Among the issues requiring resolution through divorce is property division. In order to effectuate a division of property within the parameters of the law, parties must comply with the disclosure requirements of the Family Code. Parties are required to exchange complete and accurate declarations of disclosures listing all assets and debts in which a party has an interest regardless of whether the characterization of the asset or debt is separate or community property. When making disclosures, parties must uphold their fiduciary duties owed to each other and once disclosures are exchanged, the fiduciary duty requires that the parties update and augment their disclosures to the extent there have been any material changes so that when the parties enter into an agreement regarding property division, each has full and complete knowledge of the relevant underlying facts.  Family Code § 2100.

The Court will not enter a judgment of divorce unless the disclosure requirements have been met. Completing and exchanging declarations of disclosures are not only a technical step to getting divorced, but a very serious requirement. A violation of the disclosure requirements or a breach of the fiduciary duty could result in an award of 100% of the undisclosed asset to the complying spouse or a set aside of a judgment of divorce. There is no question that full disclosure is not only best practice, but also is mandated by law.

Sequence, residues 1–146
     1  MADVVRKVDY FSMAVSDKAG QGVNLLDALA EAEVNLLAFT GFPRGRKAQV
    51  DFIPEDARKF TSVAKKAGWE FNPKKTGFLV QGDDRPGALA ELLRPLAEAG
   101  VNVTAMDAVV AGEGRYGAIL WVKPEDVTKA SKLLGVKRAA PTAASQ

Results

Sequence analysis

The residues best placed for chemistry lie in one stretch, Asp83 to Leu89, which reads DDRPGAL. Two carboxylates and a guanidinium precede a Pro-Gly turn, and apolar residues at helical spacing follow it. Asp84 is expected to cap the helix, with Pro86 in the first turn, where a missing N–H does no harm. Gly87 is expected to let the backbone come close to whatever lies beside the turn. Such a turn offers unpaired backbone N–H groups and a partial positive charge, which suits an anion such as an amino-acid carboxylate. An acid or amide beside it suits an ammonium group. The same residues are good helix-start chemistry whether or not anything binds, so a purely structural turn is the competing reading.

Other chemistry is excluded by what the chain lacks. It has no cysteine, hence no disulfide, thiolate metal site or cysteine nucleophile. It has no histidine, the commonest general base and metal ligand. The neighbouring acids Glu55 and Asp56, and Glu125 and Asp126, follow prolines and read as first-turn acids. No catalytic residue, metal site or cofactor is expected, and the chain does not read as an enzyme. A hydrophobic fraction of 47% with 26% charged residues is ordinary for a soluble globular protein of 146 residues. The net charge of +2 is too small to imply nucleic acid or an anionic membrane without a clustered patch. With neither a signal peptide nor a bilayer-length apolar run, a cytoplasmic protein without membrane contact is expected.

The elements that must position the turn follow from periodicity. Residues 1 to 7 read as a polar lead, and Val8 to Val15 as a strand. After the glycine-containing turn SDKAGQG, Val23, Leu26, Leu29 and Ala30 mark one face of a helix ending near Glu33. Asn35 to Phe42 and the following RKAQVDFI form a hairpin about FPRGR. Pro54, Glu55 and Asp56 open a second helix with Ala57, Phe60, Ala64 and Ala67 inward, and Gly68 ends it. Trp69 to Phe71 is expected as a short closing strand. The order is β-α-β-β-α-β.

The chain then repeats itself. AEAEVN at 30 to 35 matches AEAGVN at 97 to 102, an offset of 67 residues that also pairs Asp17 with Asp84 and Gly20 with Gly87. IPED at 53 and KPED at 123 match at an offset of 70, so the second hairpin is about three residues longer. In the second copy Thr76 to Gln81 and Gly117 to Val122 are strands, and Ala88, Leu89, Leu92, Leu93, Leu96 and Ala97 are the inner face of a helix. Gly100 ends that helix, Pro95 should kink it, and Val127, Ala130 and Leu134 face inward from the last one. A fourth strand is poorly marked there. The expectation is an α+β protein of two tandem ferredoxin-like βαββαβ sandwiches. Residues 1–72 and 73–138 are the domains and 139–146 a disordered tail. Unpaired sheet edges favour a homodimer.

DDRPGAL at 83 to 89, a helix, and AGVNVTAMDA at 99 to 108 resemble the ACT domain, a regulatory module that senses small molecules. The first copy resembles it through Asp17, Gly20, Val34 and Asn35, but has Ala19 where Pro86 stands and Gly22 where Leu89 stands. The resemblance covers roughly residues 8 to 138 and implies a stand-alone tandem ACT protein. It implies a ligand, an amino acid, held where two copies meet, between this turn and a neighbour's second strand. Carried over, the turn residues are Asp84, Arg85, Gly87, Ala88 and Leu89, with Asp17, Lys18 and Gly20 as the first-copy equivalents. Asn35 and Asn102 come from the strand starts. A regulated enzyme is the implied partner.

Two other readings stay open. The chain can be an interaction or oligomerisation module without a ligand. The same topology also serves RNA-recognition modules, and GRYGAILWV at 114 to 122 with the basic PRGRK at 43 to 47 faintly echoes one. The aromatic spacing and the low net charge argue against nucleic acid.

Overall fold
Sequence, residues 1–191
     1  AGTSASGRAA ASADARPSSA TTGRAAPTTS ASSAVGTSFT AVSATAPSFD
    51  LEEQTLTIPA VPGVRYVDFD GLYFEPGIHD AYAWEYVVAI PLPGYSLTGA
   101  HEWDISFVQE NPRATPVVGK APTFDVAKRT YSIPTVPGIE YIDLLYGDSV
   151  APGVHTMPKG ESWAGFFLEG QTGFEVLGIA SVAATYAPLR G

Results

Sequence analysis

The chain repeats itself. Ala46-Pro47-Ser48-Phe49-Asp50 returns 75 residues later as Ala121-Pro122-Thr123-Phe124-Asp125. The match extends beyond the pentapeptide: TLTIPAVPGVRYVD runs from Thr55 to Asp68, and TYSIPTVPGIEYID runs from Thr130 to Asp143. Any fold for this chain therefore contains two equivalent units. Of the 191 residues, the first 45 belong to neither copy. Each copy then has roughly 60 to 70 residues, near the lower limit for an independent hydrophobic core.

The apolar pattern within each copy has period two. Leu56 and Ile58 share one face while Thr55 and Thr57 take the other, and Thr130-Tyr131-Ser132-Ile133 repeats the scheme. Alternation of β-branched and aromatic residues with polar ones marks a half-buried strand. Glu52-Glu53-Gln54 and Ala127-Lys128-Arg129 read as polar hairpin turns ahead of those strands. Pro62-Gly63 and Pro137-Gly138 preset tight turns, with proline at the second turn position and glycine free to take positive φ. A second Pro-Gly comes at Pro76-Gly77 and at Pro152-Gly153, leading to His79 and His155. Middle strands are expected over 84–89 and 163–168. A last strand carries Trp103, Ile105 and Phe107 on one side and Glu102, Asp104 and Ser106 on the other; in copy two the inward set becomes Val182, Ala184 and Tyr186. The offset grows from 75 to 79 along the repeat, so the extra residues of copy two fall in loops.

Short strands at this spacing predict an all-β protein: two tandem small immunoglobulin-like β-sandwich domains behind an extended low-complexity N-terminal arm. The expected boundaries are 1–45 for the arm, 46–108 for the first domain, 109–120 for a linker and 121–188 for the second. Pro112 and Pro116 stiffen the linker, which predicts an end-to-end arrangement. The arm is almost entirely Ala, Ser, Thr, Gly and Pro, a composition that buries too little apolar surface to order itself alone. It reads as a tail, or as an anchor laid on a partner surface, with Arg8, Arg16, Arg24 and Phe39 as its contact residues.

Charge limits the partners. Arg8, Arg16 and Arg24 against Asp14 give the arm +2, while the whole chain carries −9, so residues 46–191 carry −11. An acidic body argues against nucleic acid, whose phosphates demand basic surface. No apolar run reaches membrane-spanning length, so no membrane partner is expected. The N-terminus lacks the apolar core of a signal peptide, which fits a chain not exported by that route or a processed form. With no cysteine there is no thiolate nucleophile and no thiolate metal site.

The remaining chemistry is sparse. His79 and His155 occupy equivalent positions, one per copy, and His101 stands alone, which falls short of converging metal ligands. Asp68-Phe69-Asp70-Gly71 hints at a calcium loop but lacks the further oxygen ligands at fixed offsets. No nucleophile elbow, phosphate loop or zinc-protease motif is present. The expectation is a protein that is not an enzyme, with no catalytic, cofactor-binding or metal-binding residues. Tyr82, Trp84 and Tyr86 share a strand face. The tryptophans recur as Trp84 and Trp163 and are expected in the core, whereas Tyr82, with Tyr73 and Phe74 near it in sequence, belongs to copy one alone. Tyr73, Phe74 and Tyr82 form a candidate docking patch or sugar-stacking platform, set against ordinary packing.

LGBT Rights for Long-Term Care Facility Residents

Author: Trina Clayton

Along with SB 396 , another new law expanding transgender rights in California is SB 219 – the Lesbian, Gay, Bisexual, and Transgender (LGBT) Long-Term Care Facility Resident’s Bill of Rights – will go into effect on January 1, 2018.  The catalyst for this bill comes from the unique needs of California’s senior LGBT population.  Studies have indicated that many older LGBT adults do not have children and report a higher-than average incidence of poor physical health, which includes living with HIV or AIDS.  As a result, many LGBT seniors have a heightened need for care when compared to seniors in California generally, but often lack the family support networks available to non-LGBT seniors and will likely rely more heavily on long-term care facilities.

SB 219 makes it unlawful for a facility or its staff to take certain actions because of a person’s actual, or perceived sexual orientation, gender identity, gender expression, or HIV status, including:

  • Denying admission to a long-term care facility,
  • Transferring or refusing to transfer a resident within a facility or to another facility;
  • Evicting or discharging a resident;
  • Willfully and repeatedly failing to use a resident’s preferred name or pronoun;
  • Prohibiting residents from wearing clothing that is allowed for any other resident; and
  • Restricting the right to associate with other residents.

For specific legal advice regarding gender identity/expression regulations or any other employment issue, please contact Ad Astra for guidance.